Problem-solving and coping skills deficits have been shown in adolescents who experience suicide-related behaviours, including suicidal ideation. Little evidence exists about effective interventions for this population. We undertook a pilot study of an Internet-based CBT programme that included problem-solving skills training to investigate its impact on skills deficits. The study employed a pre-test/post-test design. Outcomes of interest were negative problem orientation, emotion- and task-focused coping, and adolescents’ perception of helpfulness of the intervention. Participants, recruited via the school wellbeing team, were assessed at baseline, at weekly intervention sessions and immediately post-intervention. Twenty-one adolescents completed the intervention. Over the course of the intervention, negative problem-solving orientation improved and students relied less on emotion-focused coping strategies. Because there was no control group, we cannot be certain that the changes seen between baseline and post-intervention can be attributed to the intervention. Adolescents rated the problem-solving and cognitive restructuring modules as particularly helpful. Interventions that include enhancement of problem-solving skills, as well as cognitive restructuring to address adolescents’ appraisal of problems and their ability to solve them appear promising for adolescents with suicidal ideation. Further investigation is warranted.
The 2013 Infection Prevention and Control (IP&C) Guideline for Cystic Fibrosis (CF) was commissioned by the CF Foundation as an update of the 2003 Infection Control Guideline for CF. During the past decade, new knowledge and new challenges provided the following rationale to develop updated IP&C strategies for this unique population:
1. The need to integrate relevant recommendations from evidence-based guidelines published since 2003 into IP&C practices for CF. These included guidelines from the Centers for Disease Control and Prevention (CDC)/Healthcare Infection Control Practices Advisory Committee (HICPAC), the World Health Organization (WHO), and key professional societies, including the Infectious Diseases Society of America (IDSA) and the Society for Healthcare Epidemiology of America (SHEA). During the past decade, new evidence has led to a renewed emphasis on source containment of potential pathogens and the role played by the contaminated healthcare environment in the transmission of infectious agents. Furthermore, an increased understanding of the importance of the application of implementation science, monitoring adherence, and feedback principles has been shown to increase the effectiveness of IP&C guideline recommendations.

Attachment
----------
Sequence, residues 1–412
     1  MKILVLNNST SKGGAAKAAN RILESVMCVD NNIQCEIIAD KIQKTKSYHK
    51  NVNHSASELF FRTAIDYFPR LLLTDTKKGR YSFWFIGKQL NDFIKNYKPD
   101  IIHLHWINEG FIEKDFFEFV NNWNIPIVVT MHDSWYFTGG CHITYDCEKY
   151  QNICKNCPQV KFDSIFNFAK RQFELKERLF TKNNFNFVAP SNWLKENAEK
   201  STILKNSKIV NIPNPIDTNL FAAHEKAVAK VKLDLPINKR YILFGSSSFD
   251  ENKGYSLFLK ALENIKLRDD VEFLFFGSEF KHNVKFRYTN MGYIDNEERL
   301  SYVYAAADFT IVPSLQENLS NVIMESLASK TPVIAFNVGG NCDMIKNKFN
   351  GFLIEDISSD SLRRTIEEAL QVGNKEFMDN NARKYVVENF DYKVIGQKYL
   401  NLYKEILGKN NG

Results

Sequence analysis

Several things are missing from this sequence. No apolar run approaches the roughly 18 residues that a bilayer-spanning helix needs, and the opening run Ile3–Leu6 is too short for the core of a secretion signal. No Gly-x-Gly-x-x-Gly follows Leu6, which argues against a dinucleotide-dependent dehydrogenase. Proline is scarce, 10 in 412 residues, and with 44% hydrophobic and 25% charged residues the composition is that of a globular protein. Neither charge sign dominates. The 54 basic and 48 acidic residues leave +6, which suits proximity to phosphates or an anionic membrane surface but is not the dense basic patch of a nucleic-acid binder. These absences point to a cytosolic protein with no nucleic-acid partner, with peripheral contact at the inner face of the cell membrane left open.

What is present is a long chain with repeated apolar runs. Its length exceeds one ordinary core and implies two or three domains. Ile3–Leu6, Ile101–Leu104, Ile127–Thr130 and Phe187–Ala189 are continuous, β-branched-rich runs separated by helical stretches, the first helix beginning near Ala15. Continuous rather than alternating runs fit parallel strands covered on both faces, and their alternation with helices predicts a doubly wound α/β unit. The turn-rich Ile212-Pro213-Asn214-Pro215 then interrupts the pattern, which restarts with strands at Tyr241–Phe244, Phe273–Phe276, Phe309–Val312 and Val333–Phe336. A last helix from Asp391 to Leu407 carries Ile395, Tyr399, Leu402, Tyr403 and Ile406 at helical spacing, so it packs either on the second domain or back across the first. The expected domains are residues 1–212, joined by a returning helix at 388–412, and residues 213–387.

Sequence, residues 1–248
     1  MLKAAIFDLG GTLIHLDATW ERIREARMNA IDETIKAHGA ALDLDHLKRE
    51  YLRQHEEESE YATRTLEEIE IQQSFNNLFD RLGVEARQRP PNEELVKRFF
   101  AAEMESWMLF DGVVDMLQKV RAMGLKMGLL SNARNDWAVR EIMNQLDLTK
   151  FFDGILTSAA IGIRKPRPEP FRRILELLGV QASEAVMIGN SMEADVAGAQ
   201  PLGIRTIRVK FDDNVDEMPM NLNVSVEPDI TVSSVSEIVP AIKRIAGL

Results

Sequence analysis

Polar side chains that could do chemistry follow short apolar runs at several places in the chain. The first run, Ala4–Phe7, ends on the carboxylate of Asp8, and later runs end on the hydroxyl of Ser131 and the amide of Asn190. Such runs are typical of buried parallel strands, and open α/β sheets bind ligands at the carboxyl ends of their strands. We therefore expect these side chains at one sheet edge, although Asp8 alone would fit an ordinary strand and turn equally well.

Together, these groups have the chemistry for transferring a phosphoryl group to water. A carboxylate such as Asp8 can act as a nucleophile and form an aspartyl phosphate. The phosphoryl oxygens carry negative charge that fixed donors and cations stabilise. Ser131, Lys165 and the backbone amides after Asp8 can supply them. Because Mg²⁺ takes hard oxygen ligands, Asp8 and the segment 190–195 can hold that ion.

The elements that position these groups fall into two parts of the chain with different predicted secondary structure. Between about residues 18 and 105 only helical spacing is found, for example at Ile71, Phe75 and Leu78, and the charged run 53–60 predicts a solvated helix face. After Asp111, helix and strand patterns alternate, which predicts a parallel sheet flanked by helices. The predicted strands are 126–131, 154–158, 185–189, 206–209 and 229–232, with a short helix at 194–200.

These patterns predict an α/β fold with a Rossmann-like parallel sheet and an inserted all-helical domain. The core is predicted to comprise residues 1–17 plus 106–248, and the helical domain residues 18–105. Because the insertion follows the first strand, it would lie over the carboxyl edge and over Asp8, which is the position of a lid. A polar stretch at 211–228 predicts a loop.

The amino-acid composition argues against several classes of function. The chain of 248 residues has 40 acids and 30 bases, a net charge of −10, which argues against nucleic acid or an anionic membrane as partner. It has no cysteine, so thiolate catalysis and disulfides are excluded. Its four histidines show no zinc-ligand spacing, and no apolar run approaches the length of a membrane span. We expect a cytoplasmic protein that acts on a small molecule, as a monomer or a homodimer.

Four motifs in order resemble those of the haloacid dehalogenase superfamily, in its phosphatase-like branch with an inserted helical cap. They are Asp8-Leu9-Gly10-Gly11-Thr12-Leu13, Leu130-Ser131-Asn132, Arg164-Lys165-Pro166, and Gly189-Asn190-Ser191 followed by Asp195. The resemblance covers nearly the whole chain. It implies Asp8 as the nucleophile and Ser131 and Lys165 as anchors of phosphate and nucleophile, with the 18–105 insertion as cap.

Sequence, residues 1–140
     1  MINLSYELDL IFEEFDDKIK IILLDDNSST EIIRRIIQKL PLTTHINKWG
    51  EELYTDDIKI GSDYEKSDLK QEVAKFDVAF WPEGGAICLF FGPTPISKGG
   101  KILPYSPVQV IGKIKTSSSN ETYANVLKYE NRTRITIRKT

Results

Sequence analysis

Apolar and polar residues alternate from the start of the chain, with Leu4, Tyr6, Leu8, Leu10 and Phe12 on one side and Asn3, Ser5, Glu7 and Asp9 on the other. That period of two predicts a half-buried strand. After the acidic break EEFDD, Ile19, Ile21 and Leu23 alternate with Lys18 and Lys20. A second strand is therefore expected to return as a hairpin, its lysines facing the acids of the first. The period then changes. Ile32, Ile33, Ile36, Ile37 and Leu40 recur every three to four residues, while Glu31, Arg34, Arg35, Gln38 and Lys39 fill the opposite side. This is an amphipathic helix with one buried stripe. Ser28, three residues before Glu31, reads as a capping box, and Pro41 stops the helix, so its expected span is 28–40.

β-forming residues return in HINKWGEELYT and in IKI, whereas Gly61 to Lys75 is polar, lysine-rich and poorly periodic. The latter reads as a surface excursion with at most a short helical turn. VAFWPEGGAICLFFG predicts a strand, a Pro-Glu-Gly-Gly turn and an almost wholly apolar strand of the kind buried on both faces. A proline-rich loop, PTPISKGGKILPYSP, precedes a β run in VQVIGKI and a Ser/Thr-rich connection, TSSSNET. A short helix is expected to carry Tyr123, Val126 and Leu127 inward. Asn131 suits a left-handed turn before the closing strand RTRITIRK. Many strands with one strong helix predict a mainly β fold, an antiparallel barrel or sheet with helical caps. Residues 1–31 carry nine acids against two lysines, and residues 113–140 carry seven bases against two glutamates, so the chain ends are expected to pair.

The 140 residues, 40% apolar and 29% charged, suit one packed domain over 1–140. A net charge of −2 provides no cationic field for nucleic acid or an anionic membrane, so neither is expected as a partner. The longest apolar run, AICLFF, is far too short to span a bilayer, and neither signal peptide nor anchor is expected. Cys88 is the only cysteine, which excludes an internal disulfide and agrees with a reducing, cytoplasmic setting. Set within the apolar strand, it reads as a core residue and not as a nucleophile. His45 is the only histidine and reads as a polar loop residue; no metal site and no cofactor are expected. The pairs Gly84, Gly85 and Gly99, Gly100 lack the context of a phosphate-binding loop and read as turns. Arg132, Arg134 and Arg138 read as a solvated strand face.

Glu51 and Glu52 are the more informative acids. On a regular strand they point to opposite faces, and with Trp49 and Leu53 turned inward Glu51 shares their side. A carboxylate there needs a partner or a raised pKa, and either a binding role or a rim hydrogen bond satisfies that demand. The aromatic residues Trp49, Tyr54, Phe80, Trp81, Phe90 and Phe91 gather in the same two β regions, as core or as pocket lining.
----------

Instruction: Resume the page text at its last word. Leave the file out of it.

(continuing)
2. Experience with emerging pathogens in the non-CF population has expanded our understanding of droplet transmission of respiratory pathogens and can inform IP&C strategies for CF. These pathogens include severe acute respiratory syndrome coronavirus and the 2009 influenza A H1N1. Lessons learned about preventing transmission of methicillin-resistant Staphylococcus aureus (MRSA) and multidrug-resistant gram-negative pathogens in non-CF patient populations also can inform IP&C strategies for CF.